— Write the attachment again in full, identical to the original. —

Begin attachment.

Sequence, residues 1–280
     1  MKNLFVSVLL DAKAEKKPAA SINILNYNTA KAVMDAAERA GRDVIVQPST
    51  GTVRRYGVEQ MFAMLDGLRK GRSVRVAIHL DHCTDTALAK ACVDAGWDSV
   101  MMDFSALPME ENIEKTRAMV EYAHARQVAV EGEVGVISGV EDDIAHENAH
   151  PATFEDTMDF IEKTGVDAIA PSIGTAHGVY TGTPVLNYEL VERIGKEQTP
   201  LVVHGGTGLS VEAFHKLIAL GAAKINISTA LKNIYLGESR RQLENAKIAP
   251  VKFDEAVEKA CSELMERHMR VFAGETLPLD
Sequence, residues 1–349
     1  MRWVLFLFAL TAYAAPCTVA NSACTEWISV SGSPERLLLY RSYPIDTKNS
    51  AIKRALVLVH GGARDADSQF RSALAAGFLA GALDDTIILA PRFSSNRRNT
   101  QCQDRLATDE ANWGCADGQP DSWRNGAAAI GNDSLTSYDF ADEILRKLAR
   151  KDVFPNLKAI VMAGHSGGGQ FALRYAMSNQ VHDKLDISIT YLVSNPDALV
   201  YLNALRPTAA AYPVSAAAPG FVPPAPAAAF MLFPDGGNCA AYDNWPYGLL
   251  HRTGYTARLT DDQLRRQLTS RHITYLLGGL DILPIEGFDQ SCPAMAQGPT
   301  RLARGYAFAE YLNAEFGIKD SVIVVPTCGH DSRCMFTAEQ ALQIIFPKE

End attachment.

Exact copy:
Sequence, residues 1–280
     1  MKNLFVSVLL DAKAEKKPAA SINILNYNTA KAVMDAAERA GRDVIVQPST
    51  GTVRRYGVEQ MFAMLDGLRK GRSVRVAIHL DHCTDTALAK ACVDAGWDSV
   101  MMDFSALPME ENIEKTRAMV EYAHARQVAV EGEVGVISGV EDDIAHENAH
   151  PATFEDTMDF IEKTGVDAIA PSIGTAHGVY TGTPVLNYEL VERIGKEQTP
   201  LVVHGGTGLS VEAFHKLIAL GAAKINISTA LKNIYLGESR RQLENAKIAP
   251  VKFDEAVEKA CSELMERHMR VFAGETLPLD
Sequence, residues 1–349
     1  MRWVLFLFAL TAYAAPCTVA NSACTEWISV SGSPERLLLY RSYPIDTKNS
    51  AIKRALVLVH GGARDADSQF RSALAAGFLA GALDDTIILA PRFSSNRRNT
   101  QCQDRLATDE ANWGCADGQP DSWRNGAAAI GNDSLTSYDF ADEILRKLAR
   151  KDVFPNLKAI VMAGHSGGGQ FALRYAMSNQ VHDKLDISIT YLVSNPDALV
   201  YLNALRPTAA AYPVSAAAPG FVPPAPAAAF MLFPDGGNCA AYDNWPYGLL
   251  HRTGYTARLT DDQLRRQLTS RHITYLLGGL DILPIEGFDQ SCPAMAQGPT
   301  RLARGYAFAE YLNAEFGIKD SVIVVPTCGH DSRCMFTAEQ ALQIIFPKE